It’s official: March 7th, we’ll see what the new iPad is going to look like, and what fancy new features will drive people to the mall to pick it up in droves. But this isn’t iPad.AppStorm, this is the iPhone site, so what does any of that have to do with us?
Easy. With the original iPad, we saw the A4 chip that ended up in the iPhone 4, the A5 chip from the iPad 2 is currently in the iPhone 4S — and that’s just the start of it all. So what does a new iPad mean for the next iPhone? Let’s find out.
The Obligatory Disclaimer
Let’s just get the obvious stuff out of the way here, that way I don’t hear it in the comments later. This is all just speculation. No one but the people at Apple really know what’s going to happen next Wednesday, and even all of the information leaks and purported pictures of screens could all be the usual fabricated nonsense. It’s all an educated guess really, so don’t think that I’m preaching the truth here.
With that in mind, let’s have at it.
A Retina Display for the iPad
The most popular rumor about the iPad 3 (again, the presumed name) is the new Retina display screen to match the one on the iPhone. Now to get to the fabled “retina” point while still keeping everything good with developers, Apple doubled the resolution on the iPhone from the 480X320 found on the iPhone 3GS, to the 960X640 resolution on the iPhone 4 and iPhone 4S. This meant that developers could either keep things as is and have slightly fuzzier looking screens for their apps, or enhance them and take advantage of the higher resolution. Today, a year or so after the iPhone 4 made its debut, most apps I use take advantage of the display.
This same thing has to happen with the iPad 3, for the same reasons why it had to happen for the iPhone 4. If Apple wants to keep its developers from redoing everything just to work on the new iPad, they have to double the resolution. This means it goes from 1024X768 to 2048X1536. For perspective, that’s taller than the resolution on a 27-inch Thunderbolt display.
So what does this have to do with the iPhone? Apple currently sells HD movies at a 720P resolution, which isn’t really what the rest of the world considers HD at 1080P. If they’re releasing a new iPad, they’re going to want to show off that beautiful display with HD movies, meaning they’ll have to upgrade what’s already out there and maybe offer a discount to people to upgrade their current HD offerings to what I’m guessing they’ll call HD+.
Apple still can’t put HD movies on the iPhone, but it does mean that we, the general Apple community, may be getting true HD films in the iTunes store as soon as next week. And just for reference, if you wanted HD films on your iPhone, you would need to quadruple the resolution found on the iPhone 3GS, giving you a 1920X1280 resolution which I’m not sure is technically possible at the moment.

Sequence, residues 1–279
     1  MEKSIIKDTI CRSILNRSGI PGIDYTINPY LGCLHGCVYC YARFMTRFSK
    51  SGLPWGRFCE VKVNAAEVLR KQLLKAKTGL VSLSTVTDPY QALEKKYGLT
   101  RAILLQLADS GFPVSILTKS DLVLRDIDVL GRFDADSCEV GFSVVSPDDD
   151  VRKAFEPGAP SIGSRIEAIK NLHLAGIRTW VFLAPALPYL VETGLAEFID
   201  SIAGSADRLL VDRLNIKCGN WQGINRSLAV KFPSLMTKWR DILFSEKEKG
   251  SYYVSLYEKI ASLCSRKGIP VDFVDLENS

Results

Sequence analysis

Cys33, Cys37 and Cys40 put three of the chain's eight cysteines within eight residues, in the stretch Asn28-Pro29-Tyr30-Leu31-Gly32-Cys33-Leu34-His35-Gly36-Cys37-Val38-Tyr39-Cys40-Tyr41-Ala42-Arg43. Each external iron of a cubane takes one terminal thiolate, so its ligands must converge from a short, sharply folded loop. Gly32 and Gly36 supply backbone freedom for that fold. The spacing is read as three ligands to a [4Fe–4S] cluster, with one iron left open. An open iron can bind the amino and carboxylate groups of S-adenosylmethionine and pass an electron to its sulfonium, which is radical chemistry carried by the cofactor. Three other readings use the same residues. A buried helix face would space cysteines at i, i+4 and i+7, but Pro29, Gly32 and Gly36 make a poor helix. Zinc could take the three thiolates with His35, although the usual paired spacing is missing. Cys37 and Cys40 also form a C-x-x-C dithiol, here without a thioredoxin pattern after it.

The original iPad came with an A4 processor, the same one that would make it into the iPhone 4 a few months later. And again, with the iPad 2 came the A5, which is now in the iPhone 4S. It makes sense then to assume that whatever processor comes in the iPad 3 will also make its way to the iPhone 5, or whatever it is they decide to call it.
Since the current rumor is that the iPad 3 will have a quad-core chip, that means that we’ll have one smokin’ fast iPhone to look forward to. When I bought my original iPad, I felt like it was a speed demon compared to my iPhone, but then when I bought the iPhone 4, it was night and day. I don’t know enough about the technical aspects to really comment as to why, but my guess is that since the iPhone 4 is running a smaller display and has less pixels to push that the processor doesn’t need to do as much work. Man, that’s going to be a fast iPhone.
If you believe people like CNBC, the iPad 3 will also have an LTE option. Now we can guess a lot of things about this, and the obvious conclusion would be that this means that LTE would be coming to the iPhone 5. But I don’t really agree.
LTE pulls a ton of juice, and the iPad has the benefit of a larger size and therefore, lots more real estate to shove in a few batteries. My iPad lasts for weeks without needing a charge, so plugging in LTE might not give that much of a hit, particularly since I imagine most people don’t use that option as often as they do Wi-Fi.
But the iPhone doesn’t have that kind of space. Apple doesn’t like to put out iPhones that won’t last on a charge all day, which is why the original iPhone was Edge only, not 3G. I’m not willing to put a large chunk of cash on the next iPhone will have LTE onboard — I might put down a buck or two, but not more than five for sure.
Where Does That Leave Us?
Good question, and it’s got a simple answer: nowhere. Until March 7, we’ve got no idea what Apple has in store, and all we can do is throw darts at a dartboard and hope they fall in the right places. And even then, we still won’t know what will happen with the next iPhone until the Fall. Kind of frustrating, really.
But sometimes it sure is fun to guess, isn’t it?